I hadn’t intended this escape to be quite so... So...
I’d never guessed my mother meant things quite so literally.
The butterflies were a bit much, upon reflection. I’d just liked painting them, and felt that the first one or two hadn’t been my best work, so I’d done one more, and then another, and then one more after that. The sky in my painting had been full of them.
The sky that was now above my head.
I lay back on the grass – it was very soft, which I put down to the watercolours. I was glad I hadn’t gone with acrylics today. Watching the butterflies swoop above me, I could spot the first ones I’d painted – their wings only had two colours, rather than the six I’d managed to pull out of simple swipes of my finest paintbrush in the later versions that filled the sky.
Even with a deep breath there were no smells. The little yellow flowers scattered through the grass didn’t have any scent, which I suppose meant...
One of the butterflies landed on the back of my hand. Raising my arm, I watched the colours flash along the wings, smiling. A rainbow, from red to purple, banded from the body of the insect to the tips of its long, curled antennae. It was pretty, though it bordered on a riot of colours.
My smile faded. I’d overheard my mother on the phone, talking to my grandmother. It wasn’t long after dad left, and I hadn’t meant to overhear. I’d been creeping home after a dumpster drop.
“He’s got the touch of the fey about him,” my mother said. I hadn’t needed anyone to tell me who they were talking about. I’d frozen against the doorway, not wanting to breathe.
“I don’t think that’ll help,” my mother said. My grandmother wanted to help me? Help me how? Be less... fey?
“Fine, fine,” my mother sounded exasperated – not uncommon when talking to my grandmother. Dad always said grandma was full of silly superstitions. I listened to her repeat something back to my grandmother, a rhyme, and then – carefully – I opened the front door to our apartment again.
“Mom,” I called out. “I’m home!”
“I have to go,” she’d said.
I supposed it showed. I couldn’t help it. I just wasn’t really like the other boys, and when it came down to it, I didn’t want to be. I liked my pencils and paintbrushes, charcoal and pastels, and if maybe sometimes the other kids were awful and my only real friends were Amy and Zoe, well, that wasn’t a bad thing. And they loved my drawings.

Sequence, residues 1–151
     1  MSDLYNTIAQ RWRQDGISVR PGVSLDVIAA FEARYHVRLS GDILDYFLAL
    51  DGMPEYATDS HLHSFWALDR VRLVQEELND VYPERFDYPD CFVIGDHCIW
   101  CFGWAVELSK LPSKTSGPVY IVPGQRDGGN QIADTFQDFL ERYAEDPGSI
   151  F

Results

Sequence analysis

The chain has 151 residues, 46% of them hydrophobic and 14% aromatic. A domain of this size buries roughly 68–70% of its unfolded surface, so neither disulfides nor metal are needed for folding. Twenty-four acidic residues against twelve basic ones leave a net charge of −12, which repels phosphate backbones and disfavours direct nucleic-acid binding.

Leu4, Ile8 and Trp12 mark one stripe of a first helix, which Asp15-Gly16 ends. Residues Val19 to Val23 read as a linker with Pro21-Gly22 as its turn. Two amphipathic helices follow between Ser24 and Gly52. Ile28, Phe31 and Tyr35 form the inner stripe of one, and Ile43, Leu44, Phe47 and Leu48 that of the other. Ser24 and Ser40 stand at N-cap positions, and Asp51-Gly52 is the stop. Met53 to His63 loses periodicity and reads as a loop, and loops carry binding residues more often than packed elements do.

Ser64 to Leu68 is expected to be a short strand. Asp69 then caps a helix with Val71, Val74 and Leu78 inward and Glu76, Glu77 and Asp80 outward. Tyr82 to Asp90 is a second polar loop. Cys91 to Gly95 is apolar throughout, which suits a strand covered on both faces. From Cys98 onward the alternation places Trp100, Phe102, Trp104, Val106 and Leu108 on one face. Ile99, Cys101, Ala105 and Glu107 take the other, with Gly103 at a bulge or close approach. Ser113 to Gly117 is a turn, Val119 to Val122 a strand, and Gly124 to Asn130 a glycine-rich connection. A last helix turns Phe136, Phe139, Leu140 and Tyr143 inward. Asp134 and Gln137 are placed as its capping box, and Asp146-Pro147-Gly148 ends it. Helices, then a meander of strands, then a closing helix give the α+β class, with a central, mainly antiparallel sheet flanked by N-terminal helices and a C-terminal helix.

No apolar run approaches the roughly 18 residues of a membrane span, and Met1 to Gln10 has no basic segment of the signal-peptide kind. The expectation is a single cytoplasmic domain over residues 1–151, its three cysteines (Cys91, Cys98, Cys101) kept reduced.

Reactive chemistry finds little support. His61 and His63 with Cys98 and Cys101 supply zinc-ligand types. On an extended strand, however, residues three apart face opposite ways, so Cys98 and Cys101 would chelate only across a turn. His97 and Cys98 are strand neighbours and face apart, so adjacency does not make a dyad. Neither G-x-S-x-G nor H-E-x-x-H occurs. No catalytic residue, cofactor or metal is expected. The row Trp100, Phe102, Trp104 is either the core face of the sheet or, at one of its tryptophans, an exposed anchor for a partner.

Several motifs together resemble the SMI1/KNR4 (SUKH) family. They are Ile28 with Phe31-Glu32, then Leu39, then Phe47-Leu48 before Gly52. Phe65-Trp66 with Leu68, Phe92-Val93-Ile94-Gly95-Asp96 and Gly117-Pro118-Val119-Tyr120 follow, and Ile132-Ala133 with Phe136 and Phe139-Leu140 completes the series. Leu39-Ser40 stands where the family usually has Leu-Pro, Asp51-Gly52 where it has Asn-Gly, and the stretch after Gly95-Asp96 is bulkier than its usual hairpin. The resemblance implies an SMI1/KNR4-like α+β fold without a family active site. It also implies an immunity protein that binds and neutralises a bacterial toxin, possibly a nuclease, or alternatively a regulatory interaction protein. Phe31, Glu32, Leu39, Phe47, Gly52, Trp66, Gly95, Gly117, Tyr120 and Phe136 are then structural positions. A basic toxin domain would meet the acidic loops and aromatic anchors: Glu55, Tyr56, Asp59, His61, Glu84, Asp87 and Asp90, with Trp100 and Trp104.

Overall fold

“Draw me without braces,” Zoe had asked. “Draw me pretty.”
“You are pretty,” I said, but I drew her. When I’d finished, Zoe had looked at the picture of her – older, taller, with long hair instead of the short hair she always wore, a beautiful smile showing no gaps, no crooked teeth – and had been surprised at the glasses I’d given her.
“I look wonderful,” she’d said, and her eyes had filled with tears. She’d kissed me on the forehead. Neither of us had brought it up again, not even that summer when she’d been told she needed glasses.
“It’s a good escape,” Amy told me, looking at my drawings one evening when she’d found me a little bruised and a little dirty from a trip to the dumpster at the hands of Joel and the other grade eleven boys. “Just don’t forget to come up for air.” I’d been drawing a hillside, a butterfly – one of my first butterflies – and it had made me feel better.
I rolled my head to the left, and the butterfly flew from my hand. There was nothing for as long as I could see other than the rolling green hills and the misty mountains in the distance. The geography wasn’t exactly possible, but I’d not been going for realism with the painting. It was warm, though, and the sun was yellow and bright.
I’d painted it that way.
It hadn’t just been paintings, though, if I was being honest with himself. And it seemed to me that lying in an impossible field while a cloud of rainbow butterflies swirled above my head was the perfect time to be honest with myself.
Mom hadn’t meant I was gay. I was gay, yeah, but she hadn’t meant that.
If I wrote someone’s name down and put a star around it, they got luckier. If I drew a portrait of someone the way I thought they could be, that was how they ended up – though I wasn’t entirely sure which way the causality worked there. I’d done that stupid cartoon of Joel getting hit in the face by a soccer ball, and the next day there was a big black eye on Joel’s face.
I looked at my hands.
Touch of the fey.
So maybe painting a doorway standing in the middle of the field of rainbow butterflies hadn’t been such a great idea. I’d been painting since I’d crawled out of the dumpster – again. When I’d gone through my bedroom door for some milk, I’d ended up here instead.
Which was pretty freaking awesome. Except...
Except I was still thirsty.
I sat up, sending a flurry of rainbow coloured wings into the air. The thing was, there wasn’t a door on this side of the painting. I thought for a moment, remembering mom on the phone. How that night she’d come into my room, and we’d talked like I was a kid again, rather than a teenager. She’d told me a story, some sing-song rhyme...
I chanted the words mother taught me.
“What hands have done, hands can undo; nothing’s hopeless where hands can make true.”
I was in the kitchen. I took a deep breath, and got some milk. My fingers were already itching for a pencil.
I had an idea for a new drawing. Tomorrow. I’d draw tomorrow.
A better one.
This entry courtesy of Timothy Forry
I chanted the words mother taught me.